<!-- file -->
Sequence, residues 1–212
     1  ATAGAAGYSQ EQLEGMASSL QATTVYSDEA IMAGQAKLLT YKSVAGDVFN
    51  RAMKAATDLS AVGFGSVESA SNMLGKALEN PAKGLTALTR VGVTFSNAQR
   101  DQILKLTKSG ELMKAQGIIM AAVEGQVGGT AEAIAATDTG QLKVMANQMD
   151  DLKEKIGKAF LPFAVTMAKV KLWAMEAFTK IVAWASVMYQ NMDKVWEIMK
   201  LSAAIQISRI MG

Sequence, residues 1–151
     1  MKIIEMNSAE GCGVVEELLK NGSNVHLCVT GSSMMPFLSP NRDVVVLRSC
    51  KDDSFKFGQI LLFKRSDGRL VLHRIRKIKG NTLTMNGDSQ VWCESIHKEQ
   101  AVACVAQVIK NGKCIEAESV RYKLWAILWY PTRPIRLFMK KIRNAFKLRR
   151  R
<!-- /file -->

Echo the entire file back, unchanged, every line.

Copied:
Sequence, residues 1–212
     1  ATAGAAGYSQ EQLEGMASSL QATTVYSDEA IMAGQAKLLT YKSVAGDVFN
    51  RAMKAATDLS AVGFGSVESA SNMLGKALEN PAKGLTALTR VGVTFSNAQR
   101  DQILKLTKSG ELMKAQGIIM AAVEGQVGGT AEAIAATDTG QLKVMANQMD
   151  DLKEKIGKAF LPFAVTMAKV KLWAMEAFTK IVAWASVMYQ NMDKVWEIMK
   201  LSAAIQISRI MG

Sequence, residues 1–151
     1  MKIIEMNSAE GCGVVEELLK NGSNVHLCVT GSSMMPFLSP NRDVVVLRSC
    51  KDDSFKFGQI LLFKRSDGRL VLHRIRKIKG NTLTMNGDSQ VWCESIHKEQ
   101  AVACVAQVIK NGKCIEAESV RYKLWAILWY PTRPIRLFMK KIRNAFKLRR
   151  R